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A new report from the Justice Department’s inspector general finds that during the past 10 years, the Drug Enforcement Administration has seized more than $4 billion in cash allegedly tied to drug activity. More than 75 percent of that total never resulted in criminal charges, and 80 percent ended up in the federal forfeiture fund through administrative procedures — meaning that the owners never got a day in court.

There’s no uniform standard for what constitutes a connection to drug activity. Cash can be seized if narcotics officers think it was earned from the sale of drugs or will be used to buy drugs. At airports, bus terminals and train stations, agents have seized cash from travelers coming from or going to a city known to be a hub for drug trafficking, for buying a one-way ticket or for acting “suspiciously.” From the report:

We found that different task force officers made different decisions in similar situations when deciding whether to seize all of the cash discovered. These differences demonstrate how seizure decisions can appear arbitrary, which should be a concern for the Department, both because of potentially improper conduct and because even the appearance of arbitrary decision-making in asset seizure can fuel public perception that law enforcement is not using this authority legitimately, thereby undermining public confidence in law enforcement.

In a review of 100 seizures, the report found that 85 occurred while property or the owner of the seized property was in transit (at an airport, during a traffic stop, at a shipping center, etc.), and that 79 of those were initiated based solely on a DEA agent or cooperating drug officer’s suspicions, not on preexisting intelligence.

While civil asset forfeiture is justified on the premise that it prevents criminals from ill-gotten gains, the DEA can’t say what percentage of its seizures resulted in broader investigations, or what percentage of those investigations resulted in criminal charges — because it doesn’t keep track. Given the building momentum against these seizures, one would think that if there were a clear connection between seizures of cash and investigations that nab drug dealers or result in large seizures of illicit substances, the DEA would want to track and promote those figures to tout its success. That they don’t even bother suggests that the connection between seizures and actual criminal activity is minimal.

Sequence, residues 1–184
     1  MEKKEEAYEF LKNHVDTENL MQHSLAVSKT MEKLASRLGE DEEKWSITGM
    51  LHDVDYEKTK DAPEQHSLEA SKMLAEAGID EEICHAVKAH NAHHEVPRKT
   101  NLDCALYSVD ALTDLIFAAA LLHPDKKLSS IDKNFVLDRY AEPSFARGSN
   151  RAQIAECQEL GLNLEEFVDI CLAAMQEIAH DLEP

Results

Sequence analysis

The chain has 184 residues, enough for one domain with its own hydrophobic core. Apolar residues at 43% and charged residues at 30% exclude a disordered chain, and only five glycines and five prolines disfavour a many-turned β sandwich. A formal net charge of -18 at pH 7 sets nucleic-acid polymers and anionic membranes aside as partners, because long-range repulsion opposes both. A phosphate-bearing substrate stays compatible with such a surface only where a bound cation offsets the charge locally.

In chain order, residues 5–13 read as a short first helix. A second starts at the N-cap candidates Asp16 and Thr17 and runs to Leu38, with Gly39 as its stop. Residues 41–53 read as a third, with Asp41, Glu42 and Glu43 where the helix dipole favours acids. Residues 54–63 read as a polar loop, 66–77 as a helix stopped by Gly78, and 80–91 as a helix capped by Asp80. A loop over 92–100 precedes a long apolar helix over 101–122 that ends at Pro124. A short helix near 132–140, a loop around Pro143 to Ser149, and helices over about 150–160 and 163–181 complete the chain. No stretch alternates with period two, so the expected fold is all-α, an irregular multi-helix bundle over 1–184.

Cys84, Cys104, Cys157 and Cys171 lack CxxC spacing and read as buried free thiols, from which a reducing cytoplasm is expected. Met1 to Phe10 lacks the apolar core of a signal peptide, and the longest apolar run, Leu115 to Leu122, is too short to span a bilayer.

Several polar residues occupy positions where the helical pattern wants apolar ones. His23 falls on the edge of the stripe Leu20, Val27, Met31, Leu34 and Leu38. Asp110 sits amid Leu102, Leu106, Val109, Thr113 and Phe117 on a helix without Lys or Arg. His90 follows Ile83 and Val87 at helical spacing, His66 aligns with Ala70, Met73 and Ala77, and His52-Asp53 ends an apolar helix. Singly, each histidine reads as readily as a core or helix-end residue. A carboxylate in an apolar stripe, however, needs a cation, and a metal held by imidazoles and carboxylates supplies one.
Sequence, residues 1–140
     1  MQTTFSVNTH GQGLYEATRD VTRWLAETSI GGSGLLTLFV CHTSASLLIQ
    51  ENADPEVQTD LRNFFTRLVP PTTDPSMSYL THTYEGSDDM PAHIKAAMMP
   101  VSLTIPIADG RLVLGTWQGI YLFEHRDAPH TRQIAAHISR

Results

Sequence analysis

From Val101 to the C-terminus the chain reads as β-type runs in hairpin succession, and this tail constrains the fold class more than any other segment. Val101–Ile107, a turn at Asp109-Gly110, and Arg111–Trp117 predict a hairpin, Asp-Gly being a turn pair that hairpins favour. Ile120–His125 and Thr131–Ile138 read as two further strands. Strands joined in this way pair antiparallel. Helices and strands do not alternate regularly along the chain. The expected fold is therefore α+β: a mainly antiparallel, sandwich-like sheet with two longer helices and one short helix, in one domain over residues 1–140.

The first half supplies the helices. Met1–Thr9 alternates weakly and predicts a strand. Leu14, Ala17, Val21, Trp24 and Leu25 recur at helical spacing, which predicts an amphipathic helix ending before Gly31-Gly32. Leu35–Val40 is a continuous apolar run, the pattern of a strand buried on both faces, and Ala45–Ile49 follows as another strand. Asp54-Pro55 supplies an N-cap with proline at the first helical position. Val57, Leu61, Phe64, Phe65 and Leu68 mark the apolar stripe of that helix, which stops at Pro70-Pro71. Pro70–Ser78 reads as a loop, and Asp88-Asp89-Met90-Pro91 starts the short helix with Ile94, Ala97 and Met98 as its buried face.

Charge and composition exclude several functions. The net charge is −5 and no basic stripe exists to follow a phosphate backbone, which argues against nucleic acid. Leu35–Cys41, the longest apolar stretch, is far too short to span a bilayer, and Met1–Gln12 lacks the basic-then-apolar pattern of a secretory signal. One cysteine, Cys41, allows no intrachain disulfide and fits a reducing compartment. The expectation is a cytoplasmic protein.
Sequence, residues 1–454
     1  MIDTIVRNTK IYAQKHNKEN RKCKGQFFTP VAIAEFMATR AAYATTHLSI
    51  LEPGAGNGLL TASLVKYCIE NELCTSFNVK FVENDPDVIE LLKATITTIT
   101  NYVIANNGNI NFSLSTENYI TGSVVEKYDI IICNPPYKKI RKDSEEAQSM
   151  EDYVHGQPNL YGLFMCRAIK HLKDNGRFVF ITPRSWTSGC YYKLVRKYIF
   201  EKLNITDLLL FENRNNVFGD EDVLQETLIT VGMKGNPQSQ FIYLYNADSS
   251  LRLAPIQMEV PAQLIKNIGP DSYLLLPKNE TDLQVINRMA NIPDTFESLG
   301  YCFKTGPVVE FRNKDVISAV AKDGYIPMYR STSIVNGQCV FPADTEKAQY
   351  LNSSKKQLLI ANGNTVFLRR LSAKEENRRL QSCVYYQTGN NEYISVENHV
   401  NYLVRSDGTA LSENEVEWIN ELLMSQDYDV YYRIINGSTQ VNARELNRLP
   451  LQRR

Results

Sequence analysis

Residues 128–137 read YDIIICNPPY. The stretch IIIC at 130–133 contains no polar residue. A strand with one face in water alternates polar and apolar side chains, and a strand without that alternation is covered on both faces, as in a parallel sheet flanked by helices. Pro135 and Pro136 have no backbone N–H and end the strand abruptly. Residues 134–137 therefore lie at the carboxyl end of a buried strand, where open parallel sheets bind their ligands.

That lack of data is why the IG’s office selected 100 cases to review itself. Its conclusion? “This review of sampled seizures provided evidence that many of the DEA’s interdiction seizures may not advance or relate to criminal investigations.”

In other words, they’re just stealing from people, albeit under the color of law. The report also found that state and local officers on federal anti-drug task forces aren’t required to get any formal training on forfeiture laws and procedures, which again results in rather arbitrary and inconsistent standards, policies and procedures.

Defenders of forfeiture often argue that the policy is generally only used against major kingpins and drug dealers. But the figures suggest otherwise. In 2012, the average DEA forfeiture was around $47,000. Last year, it was a little more than $71,000. But at the federal level, those averages are skewed by the few cases in which they really did bring down a major dealer. For example, a 2015 report found that 40 percent of forfeitures in New York City involved amounts of less than $250. Unfortunately, this latest IG report doesn’t offer a mean forfeiture amount, or break forfeitures down in a way that would indicate how much money is involved in each one. What does seem clear is that the typical forfeiture isn’t a byproduct of any broader criminal investigation. Instead, it has become its own kind of investigation, one that usually begins and ends when the drug cops take someone’s money.